There is a long legacy of filmmakers and critics who have sought to challenge the way we make and discuss films. Nearly half a century ago, the theorist Claire Johnston suggested that women’s cinema should be counter-cinema by rejecting the form and conditions of traditional narrative cinema. Her writing remains vital in rethinking the form and value of art, as well as who has the authority to make and discuss it. As Johnston and other feminist thinkers have argued, even the most basic traditional film techniques have been shaped by the gaze and working methods of men. To create an alternative cinema would first require not only a major rethink on representation but the entire industry.

Cousins presents his view of film history as a road trip. The chapters are broken up by a car moving down various roads through foggy countrysides and cities. Conceptually, this suggests that our exploration of cinema is a journey rather than a destination. The film highlights audiovisual innovation, mainly within the confines of traditional narrative filmmaking. There are times when Cousins leaves the beaten path, but because he’s looking at the film through a formal lens these instances feel somewhat uprooted from their radical politics. Aesthetics are born as much from political conviction as they are a personal experience – a perspective sometimes lacking in Cousins’ work.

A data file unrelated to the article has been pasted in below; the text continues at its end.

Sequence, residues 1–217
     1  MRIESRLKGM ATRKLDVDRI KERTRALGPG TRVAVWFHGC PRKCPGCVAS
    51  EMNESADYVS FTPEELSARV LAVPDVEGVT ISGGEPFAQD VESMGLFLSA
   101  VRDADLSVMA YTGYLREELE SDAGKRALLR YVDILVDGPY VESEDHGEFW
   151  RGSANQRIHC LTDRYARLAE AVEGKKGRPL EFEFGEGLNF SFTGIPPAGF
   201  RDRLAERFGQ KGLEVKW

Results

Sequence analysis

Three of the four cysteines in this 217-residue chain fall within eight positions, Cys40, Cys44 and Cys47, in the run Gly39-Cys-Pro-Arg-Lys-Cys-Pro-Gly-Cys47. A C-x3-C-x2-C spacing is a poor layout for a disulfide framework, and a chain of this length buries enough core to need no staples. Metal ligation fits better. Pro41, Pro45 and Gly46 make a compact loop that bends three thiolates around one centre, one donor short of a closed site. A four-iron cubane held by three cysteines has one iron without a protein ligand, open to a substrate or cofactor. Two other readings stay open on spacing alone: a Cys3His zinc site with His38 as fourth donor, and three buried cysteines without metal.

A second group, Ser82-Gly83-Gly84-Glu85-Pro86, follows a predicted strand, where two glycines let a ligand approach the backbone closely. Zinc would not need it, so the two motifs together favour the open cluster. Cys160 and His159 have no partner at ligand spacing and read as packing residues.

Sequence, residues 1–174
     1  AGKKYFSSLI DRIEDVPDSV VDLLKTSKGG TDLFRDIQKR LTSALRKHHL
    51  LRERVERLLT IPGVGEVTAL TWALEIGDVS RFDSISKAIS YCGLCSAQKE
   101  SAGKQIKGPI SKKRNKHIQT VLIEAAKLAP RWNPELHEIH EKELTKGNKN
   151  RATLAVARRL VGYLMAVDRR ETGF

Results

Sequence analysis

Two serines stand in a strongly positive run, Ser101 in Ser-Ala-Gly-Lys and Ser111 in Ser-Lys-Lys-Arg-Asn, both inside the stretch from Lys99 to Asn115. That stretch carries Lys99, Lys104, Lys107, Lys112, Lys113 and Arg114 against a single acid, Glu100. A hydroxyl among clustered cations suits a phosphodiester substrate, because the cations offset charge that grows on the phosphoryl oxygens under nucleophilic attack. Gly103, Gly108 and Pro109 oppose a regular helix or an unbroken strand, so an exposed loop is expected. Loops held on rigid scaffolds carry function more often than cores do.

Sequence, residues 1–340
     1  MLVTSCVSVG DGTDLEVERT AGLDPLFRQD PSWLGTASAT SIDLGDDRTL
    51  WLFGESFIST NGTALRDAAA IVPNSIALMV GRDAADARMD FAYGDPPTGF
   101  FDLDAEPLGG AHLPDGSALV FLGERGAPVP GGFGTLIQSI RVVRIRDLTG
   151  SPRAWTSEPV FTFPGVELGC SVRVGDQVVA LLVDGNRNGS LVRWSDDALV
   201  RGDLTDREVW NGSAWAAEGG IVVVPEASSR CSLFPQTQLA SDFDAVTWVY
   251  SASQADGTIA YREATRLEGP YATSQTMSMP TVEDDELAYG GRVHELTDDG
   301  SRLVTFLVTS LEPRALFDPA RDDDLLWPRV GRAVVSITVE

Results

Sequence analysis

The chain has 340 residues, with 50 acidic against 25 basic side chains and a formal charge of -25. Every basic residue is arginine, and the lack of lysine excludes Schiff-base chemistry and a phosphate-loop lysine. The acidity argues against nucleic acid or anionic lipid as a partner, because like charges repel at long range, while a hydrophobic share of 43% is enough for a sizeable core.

Women Make Film is currently playing at RIDM in Montreal, a radical film festival that showcases experimental and artistic documentary while engaging with its own privileges and biases. In the past few years, the festival has grappled with the representation of diverse voices and has established parity without losing its identity. It has had its share of controversies and growing pains, especially in regards to the representation of indigenous people, but continues to work on challenging itself in programming and event organising.

In the context of the festival’s forward-thinking programming, Cousins’ film feels especially old-fashioned. It works hard to soften its politics to the point of being borderline apolitical, and is neither revolutionary in its design nor its perspective. While it unveils moments of startling beauty that have been ignored or lost to history, it does little to contextualise why these artists have been neglected or forgotten.

Breaking away from old practices and methodologies does not necessitate burning the old systems down, but it does require a frank assessment of the realities that privilege certain voices above others. While Cousins’ film adopts a somewhat utopic view, showcasing the work of lesser-seen and under-appreciated female artists, it neglects to take into account the conditions and powers that deprived us of these voices in the first place.

Published 21 Nov 2019

Tags: Mark Cousins